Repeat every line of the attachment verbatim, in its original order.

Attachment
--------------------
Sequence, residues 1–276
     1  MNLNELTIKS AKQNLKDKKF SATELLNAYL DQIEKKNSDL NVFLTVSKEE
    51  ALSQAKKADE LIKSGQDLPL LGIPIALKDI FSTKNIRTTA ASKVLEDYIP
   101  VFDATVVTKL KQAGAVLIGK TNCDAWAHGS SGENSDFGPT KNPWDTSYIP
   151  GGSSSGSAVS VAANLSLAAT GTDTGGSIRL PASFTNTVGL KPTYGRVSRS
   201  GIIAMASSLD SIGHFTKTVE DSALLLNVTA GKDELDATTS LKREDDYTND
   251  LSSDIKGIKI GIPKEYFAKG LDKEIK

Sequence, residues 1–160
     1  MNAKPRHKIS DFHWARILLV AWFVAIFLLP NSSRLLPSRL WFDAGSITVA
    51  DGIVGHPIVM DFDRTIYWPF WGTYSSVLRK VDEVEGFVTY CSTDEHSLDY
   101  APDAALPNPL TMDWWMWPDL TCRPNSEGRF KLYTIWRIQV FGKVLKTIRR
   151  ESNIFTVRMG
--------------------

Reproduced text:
Sequence, residues 1–276
     1  MNLNELTIKS AKQNLKDKKF SATELLNAYL DQIEKKNSDL NVFLTVSKEE
    51  ALSQAKKADE LIKSGQDLPL LGIPIALKDI FSTKNIRTTA ASKVLEDYIP
   101  VFDATVVTKL KQAGAVLIGK TNCDAWAHGS SGENSDFGPT KNPWDTSYIP
   151  GGSSSGSAVS VAANLSLAAT GTDTGGSIRL PASFTNTVGL KPTYGRVSRS
   201  GIIAMASSLD SIGHFTKTVE DSALLLNVTA GKDELDATTS LKREDDYTND
   251  LSSDIKGIKI GIPKEYFAKG LDKEIK

Sequence, residues 1–160
     1  MNAKPRHKIS DFHWARILLV AWFVAIFLLP NSSRLLPSRL WFDAGSITVA
    51  DGIVGHPIVM DFDRTIYWPF WGTYSSVLRK VDEVEGFVTY CSTDEHSLDY
   101  APDAALPNPL TMDWWMWPDL TCRPNSEGRF KLYTIWRIQV FGKVLKTIRR
   151  ESNIFTVRMG